Ah, Galaxy. My old friend. I wonder if this is how readers felt by the time the April, 1952 issue rolled out. Officially labeled as Volume 4, Number 1, this issue marked the completion of 18 months for the magazine. You can tell a lot about a magazine by that point in time, especially if it’s hitting newsstands every month. And I think readers could tell that this was something amazing.
“Accidental Flight” by F. L. Wallace — Medical advancements can save people with profound injuries, but in some cases, the patients can’t recover into “normal” status. They might be amputees, lack vital organs, or have any variety of conditions that makes them unsuitable to join the rest of society. These people live on an asteroid, cared for and guarded by medical staff. And though they don’t wish to rejoin society, they do wish to leave their asteroid in order to explore the stars.
It’s interesting to see a cast of characters with disabilities. The story moves well, and I think (or perhaps hope) that this fiction touches on the theme that all people have value, despite what limitations a society may perceive. Wallace later expanded this tale into a novel titled Address: Centauri, published by Gnome Press in 1955, and as Galaxy Novel #32 in 1958 (see below).
“Katahut Said No” by J. T. M’Intosh — A computer system on Earth helps the Economic Center determine unviable towns on Venus. After all, there are only a limited amount of resources available, and the latest analysis shows one of the towns must die. The people would be dispersed elsewhere, and efficiency would increase. Unfortunately, the computer picks Katahut, the first settlement on the planet. And the citizens of the town do not wish to comply.
I liked the politics around this story — how one man tries to rally the town to fight the decision and what that may mean for all of the settlements. But the zinger was the final sentence.
“The Moon is Green” by Fritz Leiber — Effie and her husband live in a protected society, sealed away from the radioactive world outside. She looks upon the night sky and its green moon, wishing for escape. When her husband leaves, she opens the window for a visitor, a man who tells her that what lies beyond isn’t the result expected of so many bombs, that it is actually a fairyland. And this compels her all the more to leave her home for the wild beyond.
This one had a nice touch of eeriness. I felt drawn to Effie and her desire for freedom.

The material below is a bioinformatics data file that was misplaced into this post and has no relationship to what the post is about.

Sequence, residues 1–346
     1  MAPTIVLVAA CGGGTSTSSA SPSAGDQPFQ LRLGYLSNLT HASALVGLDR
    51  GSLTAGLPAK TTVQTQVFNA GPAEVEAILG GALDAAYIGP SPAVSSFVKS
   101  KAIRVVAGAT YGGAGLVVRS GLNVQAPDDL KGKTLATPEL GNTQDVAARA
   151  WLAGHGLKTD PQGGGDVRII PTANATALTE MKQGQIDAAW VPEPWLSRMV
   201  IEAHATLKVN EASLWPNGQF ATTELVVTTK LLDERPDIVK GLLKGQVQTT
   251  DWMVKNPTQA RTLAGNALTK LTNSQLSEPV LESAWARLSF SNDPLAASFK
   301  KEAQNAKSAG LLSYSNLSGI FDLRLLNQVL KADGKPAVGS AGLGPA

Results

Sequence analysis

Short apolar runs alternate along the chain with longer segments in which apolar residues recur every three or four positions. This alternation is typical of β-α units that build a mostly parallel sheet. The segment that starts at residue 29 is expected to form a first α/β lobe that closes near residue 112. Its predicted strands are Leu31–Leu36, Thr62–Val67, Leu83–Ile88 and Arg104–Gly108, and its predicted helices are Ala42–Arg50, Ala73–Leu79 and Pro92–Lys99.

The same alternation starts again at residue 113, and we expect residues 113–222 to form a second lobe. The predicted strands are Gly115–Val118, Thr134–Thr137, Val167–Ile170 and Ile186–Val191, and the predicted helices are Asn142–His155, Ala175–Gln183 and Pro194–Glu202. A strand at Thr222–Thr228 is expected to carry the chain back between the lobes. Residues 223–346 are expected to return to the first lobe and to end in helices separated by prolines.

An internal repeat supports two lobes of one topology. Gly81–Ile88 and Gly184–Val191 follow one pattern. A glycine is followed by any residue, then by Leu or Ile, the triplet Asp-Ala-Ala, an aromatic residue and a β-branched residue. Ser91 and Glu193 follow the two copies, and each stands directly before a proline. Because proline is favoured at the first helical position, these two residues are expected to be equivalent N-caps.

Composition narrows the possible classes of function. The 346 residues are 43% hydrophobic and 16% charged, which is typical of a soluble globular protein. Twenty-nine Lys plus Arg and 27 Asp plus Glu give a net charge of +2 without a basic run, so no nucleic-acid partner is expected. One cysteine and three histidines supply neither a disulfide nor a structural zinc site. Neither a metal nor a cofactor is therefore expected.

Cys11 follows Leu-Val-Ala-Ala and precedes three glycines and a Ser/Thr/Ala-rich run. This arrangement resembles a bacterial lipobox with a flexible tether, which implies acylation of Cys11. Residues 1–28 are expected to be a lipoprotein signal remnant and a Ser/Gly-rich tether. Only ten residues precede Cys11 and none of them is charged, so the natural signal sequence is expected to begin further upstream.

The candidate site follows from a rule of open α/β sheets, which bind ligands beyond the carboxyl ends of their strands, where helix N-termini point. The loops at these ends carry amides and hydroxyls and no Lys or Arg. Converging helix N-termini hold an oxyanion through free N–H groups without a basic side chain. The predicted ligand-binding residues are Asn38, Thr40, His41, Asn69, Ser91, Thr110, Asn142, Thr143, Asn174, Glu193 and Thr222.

“Martians Never Die” by Lucius Daniel — After inventing an interdimensional transporter, Dr. Curtis took a long trip to Mars. During his absence and unknown return, his wife and broker began seeing each other. When Dr. Curtis returns, his wife acts as though the affair never happened, while the broker plots murder. Unfortunately for the broker, Dr. Curtis also has a new companion — the Martian equivalent of a dog named Schaughtowl. And Schaughtowl doesn’t care for ill intentions toward its master.
The story is amusing, but it becomes a bit silly toward the end.
“She Who Laughs” by Peter Phillips — A spirit waits in an Irish mansion, watching with amusement as the latest renter negotiates a price with the owner. The tales of hauntings don’t dissuade the man, exactly as the spirit expected. After all, it’s not really haunted.
I really liked this story. I felt a lot of confusion early on, but as the story unfolded, everything became clear. The author was quite clever.
“Ticket to Anywhere” by Damon Knight — Richard Falk escapes from Earth by stowing away on a rocket for Mars. Society has become oppressive and he wants to find something new. On Mars, he meets a young man who guards the Doorway — an ancient alien technology that transports a person to a random location in the galaxy. No one knows how it works or how to return, and the risk of never returning dissuades people from using it.
Richard has no such fears, however, and he volunteers to try it. It in turn leads to other Doorways, and he finds himself skipping from one world to the next, finding new patterns in each starry sky. He hopes to understand how the Doorways work, but more than anything, he hopes to find a home.
This was my favorite story in the issue. I wasn’t keen on the description around how society was oppressive, so I just let go of those details in order to focus on the main plot.
Matthew Wuertz’s last retro review for us was the March 1952 issue of Galaxy Science Fiction.